The Programme for International Student Assessment (Pisa) has become a permanent and critical feature of global education policy. I work with governments all over the world and one of the few things they have in common is a fascination with the countries that come top of the charts. Tallinn can expect a heavy increase in visits from ministerial delegations over the next few years.
But to use Pisa well for policymaking, it’s critical to look beyond the headline figures and analyse the vast mass of data that sits underneath. For instance, the dataset this time shows how incredibly important the nature of a country’s immigration is to its overall performance.
Let’s take two countries – Canada, which is the second-highest-performing country outside of the Far East in reading, and Germany, which is a fair way down the list. For years, policymakers have been making pilgrimages to Ontario and Alberta to find out what they’re doing that’s working so well. Germany is seen as merely average and uninteresting. Yet the difference in reading score comes down almost entirely to immigration. Second-generation immigrants in Germany do 42 points worse than non-immigrant German pupils. In Canada they do 10 points better.
Overall, mainland Western European countries have all seen their scores depressed by the nature of the immigration they’ve experienced over the past few decades. Meanwhile, countries like Canada and Australia, where immigration is largely from high-performing Asian countries, have seen their scores improve. There’s no doubt whatsoever that changing immigration policy is a quicker route to Pisa success than education reform.
How immigration impacts on Pisa performance
This is hugely sensitive topic and I find myself uncomfortable even writing about it, but it’s absolutely critical to understand if we’re to avoid policymakers taking the wrong lessons from Pisa and assuming everything is about policy change rather than wider social and cultural shifts. It's also important that we don't mistake more inclusionary migration policies for education policy failure so as to avoid perverse incentives for Governments.
That said, there are policy lessons hidden within Pisa if you look hard enough. I’ve always found the comparisons between the different nations of the United Kingdom valuable because they are, relatively, similar culturally and socially. Moreover, devolved governments in Scotland and Wales have very deliberately chosen to diverge from England’s education policy over the past few decades, so it makes for an interesting, if not conclusive, natural policy experiment.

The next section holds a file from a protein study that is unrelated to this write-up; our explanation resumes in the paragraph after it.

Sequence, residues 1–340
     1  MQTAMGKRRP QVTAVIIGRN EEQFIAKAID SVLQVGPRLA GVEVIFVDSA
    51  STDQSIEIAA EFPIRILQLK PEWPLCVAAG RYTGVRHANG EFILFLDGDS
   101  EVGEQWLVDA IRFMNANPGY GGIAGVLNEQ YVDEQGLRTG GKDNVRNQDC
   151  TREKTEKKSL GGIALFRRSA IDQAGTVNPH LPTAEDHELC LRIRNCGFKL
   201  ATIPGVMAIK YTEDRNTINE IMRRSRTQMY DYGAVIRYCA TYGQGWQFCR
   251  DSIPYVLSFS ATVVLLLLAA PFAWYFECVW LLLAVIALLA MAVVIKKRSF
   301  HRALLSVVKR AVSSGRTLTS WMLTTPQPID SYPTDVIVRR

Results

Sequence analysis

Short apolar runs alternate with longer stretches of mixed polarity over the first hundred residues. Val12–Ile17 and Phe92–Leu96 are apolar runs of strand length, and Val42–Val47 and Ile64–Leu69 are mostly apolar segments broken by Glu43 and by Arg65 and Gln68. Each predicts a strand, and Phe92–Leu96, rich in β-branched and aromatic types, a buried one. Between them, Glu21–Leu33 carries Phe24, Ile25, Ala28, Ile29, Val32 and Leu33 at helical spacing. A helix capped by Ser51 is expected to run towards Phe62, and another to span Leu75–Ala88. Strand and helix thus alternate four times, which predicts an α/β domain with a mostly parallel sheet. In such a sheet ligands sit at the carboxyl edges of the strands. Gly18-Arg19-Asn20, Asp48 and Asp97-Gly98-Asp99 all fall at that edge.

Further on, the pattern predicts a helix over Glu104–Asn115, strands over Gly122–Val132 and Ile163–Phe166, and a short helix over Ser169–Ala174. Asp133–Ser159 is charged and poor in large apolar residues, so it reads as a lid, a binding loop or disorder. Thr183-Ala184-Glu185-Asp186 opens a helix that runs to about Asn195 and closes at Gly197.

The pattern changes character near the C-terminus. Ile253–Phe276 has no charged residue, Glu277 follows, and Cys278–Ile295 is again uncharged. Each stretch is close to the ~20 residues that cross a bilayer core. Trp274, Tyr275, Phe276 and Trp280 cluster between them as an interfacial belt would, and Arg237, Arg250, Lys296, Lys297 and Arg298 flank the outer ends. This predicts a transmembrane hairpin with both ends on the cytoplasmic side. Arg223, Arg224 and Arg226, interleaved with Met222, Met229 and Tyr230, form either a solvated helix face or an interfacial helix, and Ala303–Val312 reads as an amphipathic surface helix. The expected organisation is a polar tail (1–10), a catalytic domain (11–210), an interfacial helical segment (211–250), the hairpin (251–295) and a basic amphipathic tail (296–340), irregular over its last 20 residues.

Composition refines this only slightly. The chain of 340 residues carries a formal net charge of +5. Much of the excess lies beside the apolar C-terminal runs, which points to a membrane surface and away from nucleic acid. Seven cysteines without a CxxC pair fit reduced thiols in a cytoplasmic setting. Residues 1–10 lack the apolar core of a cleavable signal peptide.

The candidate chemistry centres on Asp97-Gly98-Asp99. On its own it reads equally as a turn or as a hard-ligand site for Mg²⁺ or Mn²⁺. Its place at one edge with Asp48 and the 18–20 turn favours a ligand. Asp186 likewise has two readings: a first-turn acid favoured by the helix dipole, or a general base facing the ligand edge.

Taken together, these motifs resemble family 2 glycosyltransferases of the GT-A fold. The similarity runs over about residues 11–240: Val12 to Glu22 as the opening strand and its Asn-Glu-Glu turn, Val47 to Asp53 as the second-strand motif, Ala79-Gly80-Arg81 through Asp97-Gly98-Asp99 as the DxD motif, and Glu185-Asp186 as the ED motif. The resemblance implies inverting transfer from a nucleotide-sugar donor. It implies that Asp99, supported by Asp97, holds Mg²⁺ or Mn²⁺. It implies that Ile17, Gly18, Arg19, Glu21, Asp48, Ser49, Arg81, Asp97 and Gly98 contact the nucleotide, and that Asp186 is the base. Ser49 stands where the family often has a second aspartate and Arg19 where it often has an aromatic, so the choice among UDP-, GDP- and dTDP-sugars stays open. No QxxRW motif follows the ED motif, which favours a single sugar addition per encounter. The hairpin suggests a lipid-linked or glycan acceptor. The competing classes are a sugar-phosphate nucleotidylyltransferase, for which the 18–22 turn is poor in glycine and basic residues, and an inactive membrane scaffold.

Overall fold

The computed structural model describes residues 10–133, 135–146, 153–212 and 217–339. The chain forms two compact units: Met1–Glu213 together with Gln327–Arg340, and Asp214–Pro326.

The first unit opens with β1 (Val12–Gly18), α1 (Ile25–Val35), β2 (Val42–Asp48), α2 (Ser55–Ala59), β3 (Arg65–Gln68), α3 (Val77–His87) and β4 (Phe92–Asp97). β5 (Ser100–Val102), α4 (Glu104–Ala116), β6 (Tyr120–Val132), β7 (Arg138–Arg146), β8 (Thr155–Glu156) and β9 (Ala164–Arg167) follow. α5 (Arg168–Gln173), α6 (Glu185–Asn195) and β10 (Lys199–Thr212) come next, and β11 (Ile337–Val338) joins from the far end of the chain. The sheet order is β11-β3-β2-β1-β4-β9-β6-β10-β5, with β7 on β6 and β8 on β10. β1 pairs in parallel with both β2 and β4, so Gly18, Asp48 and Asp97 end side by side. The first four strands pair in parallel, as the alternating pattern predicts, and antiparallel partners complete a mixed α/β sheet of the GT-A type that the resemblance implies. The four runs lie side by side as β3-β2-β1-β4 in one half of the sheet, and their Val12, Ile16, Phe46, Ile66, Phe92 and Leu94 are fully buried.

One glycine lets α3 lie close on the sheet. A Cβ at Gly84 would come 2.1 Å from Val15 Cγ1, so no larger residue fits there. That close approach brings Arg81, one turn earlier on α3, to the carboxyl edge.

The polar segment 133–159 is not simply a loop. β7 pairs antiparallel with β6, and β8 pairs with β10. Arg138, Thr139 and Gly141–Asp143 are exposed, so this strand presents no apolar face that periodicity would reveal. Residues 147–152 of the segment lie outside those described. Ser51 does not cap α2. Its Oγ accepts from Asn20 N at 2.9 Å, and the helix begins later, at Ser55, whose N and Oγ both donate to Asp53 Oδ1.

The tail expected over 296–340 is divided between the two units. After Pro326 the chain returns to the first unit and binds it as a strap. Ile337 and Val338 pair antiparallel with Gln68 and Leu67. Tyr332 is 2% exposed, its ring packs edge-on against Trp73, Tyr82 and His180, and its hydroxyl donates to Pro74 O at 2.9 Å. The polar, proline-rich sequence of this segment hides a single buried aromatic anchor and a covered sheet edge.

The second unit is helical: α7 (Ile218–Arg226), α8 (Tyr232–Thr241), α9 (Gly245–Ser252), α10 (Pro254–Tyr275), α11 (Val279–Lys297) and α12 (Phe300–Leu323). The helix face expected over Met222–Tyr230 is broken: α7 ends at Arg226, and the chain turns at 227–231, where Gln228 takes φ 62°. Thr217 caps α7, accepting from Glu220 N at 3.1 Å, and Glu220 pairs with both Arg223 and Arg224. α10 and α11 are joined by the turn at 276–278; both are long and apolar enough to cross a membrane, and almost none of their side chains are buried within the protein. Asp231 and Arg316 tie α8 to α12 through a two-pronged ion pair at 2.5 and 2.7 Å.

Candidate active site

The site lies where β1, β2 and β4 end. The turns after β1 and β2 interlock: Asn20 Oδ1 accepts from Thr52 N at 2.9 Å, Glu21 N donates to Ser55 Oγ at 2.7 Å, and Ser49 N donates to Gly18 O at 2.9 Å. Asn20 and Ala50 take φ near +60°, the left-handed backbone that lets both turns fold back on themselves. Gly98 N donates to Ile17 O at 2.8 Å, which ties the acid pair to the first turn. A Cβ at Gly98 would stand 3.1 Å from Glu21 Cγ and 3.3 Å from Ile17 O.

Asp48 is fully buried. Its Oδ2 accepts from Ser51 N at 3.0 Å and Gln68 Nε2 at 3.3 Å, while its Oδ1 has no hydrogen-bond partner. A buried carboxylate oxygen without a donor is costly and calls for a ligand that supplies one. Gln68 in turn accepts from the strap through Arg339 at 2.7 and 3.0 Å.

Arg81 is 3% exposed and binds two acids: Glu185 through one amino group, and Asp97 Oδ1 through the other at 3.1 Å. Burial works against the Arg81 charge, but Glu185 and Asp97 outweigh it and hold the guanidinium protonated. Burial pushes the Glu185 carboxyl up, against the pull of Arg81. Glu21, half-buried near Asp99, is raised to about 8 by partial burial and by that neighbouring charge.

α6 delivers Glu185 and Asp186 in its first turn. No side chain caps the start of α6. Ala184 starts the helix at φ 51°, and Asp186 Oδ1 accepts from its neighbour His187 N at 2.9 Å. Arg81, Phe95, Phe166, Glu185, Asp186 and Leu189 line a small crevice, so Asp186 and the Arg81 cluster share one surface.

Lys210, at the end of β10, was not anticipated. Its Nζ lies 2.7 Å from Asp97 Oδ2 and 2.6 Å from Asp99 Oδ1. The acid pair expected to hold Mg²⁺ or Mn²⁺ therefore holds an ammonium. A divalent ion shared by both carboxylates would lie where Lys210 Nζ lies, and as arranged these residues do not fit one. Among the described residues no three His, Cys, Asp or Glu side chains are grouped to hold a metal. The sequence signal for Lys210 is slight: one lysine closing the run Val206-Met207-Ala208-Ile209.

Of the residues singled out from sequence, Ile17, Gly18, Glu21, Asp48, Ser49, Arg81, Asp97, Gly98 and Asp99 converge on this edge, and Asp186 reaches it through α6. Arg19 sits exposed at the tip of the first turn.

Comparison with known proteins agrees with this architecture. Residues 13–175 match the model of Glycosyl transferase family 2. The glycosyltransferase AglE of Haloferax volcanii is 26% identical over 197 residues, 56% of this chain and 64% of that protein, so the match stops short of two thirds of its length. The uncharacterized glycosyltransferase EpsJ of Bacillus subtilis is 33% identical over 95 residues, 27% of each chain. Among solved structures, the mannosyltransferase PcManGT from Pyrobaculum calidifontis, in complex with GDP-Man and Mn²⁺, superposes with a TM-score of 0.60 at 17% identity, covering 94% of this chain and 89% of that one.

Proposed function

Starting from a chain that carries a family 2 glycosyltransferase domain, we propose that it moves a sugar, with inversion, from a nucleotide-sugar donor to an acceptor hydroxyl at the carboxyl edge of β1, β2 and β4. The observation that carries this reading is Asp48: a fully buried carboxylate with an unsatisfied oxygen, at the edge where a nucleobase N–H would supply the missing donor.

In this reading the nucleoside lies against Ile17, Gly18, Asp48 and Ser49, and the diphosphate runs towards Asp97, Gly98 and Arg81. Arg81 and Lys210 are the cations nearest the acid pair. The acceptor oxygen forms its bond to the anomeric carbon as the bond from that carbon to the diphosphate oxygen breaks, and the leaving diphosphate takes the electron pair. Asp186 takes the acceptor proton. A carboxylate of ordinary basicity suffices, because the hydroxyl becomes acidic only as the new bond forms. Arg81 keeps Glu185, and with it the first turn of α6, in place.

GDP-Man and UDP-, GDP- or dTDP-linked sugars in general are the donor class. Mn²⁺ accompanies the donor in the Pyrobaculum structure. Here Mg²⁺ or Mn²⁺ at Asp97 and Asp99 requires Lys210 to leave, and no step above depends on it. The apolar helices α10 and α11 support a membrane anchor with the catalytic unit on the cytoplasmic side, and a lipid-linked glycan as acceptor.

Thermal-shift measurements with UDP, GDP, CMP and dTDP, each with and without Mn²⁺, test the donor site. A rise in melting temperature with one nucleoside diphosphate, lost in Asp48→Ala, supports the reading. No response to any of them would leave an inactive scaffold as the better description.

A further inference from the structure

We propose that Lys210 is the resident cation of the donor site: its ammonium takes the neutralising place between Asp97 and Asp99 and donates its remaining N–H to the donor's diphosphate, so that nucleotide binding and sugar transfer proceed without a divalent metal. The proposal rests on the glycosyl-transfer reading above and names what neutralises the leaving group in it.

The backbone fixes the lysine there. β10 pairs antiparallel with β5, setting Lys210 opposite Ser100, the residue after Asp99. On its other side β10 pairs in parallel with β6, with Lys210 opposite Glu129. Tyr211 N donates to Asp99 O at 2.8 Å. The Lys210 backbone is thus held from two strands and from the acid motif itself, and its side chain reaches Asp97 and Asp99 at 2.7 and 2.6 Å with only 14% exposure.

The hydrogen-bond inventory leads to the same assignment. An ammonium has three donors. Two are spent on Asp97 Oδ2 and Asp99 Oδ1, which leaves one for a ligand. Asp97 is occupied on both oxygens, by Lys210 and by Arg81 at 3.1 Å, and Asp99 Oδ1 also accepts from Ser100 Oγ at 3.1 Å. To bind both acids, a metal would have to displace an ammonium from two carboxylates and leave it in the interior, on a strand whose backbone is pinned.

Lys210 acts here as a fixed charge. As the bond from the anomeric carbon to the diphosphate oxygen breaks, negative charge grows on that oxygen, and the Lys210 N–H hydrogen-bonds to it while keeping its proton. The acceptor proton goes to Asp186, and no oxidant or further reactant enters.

The 2018 data shows a mixed picture. Wales has improved from a low base, though is still the worst-performing nation in the UK. Scotland, having been the strongest UK performer in the earlier Pisa datasets, is now some way behind England in maths and science. We can’t say for sure why that is but the introduction of the unfortunately named Curriculum for Excellence in Scotland does seem to have caused real issues for maths north of the border. (nb, I’ve seen a lot of commentators blame the SNP for Scotland’s decline, but it’s worth noting that all parties supported Curriculum for Excellence. Sometimes political consensus on education isn’t such a great thing).
Another lesson for politicians is that an awful lot of supposed policies don’t seem to make any difference at all. A good example is master’s degrees for teachers; something that was a major focus in England a decade ago. There is absolutely no correlation between a high number of teachers with master’s degrees and system performance. Likewise, the old Right-wing favourite of academic selection. It certainly makes systems more unequal but it doesn’t improve performance. In fact, most of the highest-performing systems are clustered towards the least selective end of the scale.
So what would I take from all this data if I was still a policymaker in England? First, it would make me wary of endorsing any dramatic reform programmes. While we can’t definitively say that improvements in England are due to policy changes, we can say that this data doesn’t suggest we have major problems. Moreover, most of the countries that have received the heaviest attention off the back of Pisa are going in the wrong direction (again, we can’t definitely say if this is because of policy or other social issues). Finland has dropped in every Pisa since it came top in 2001, so I think we can give the trips to Helsinki a rest.
The only policy pattern that, very tentatively, seems to stand out to me in Pisa 2018 is around curriculum. Outside of small Far Eastern states like Singapore and Hong Kong, the only consistent high-performing improvers over the past few cycles are in Eastern Europe and, in particular, Estonia and Poland. Both countries undertook major curriculum reforms in the first decade of the century, which appear to be paying dividends. Generally speaking, countries that have gone for very competency-focused curricula, like Finland (and Scotland), seem to be going in the wrong direction. But I would want to do a lot more digging and analysis before I was confident that these relationships were causal.
The main lesson from 20 years of Pisa, after all, is to be cautious. It’s very easy to draw misleading lessons from such complex data and to find yourself a long way down a road going in the wrong direction.
Sam Freedman is CEO of the Education Partnerships Group, formerly executive director at Teach First and formerly a senior policy director under Michael Gove at the Department for Education. He tweets as @samfr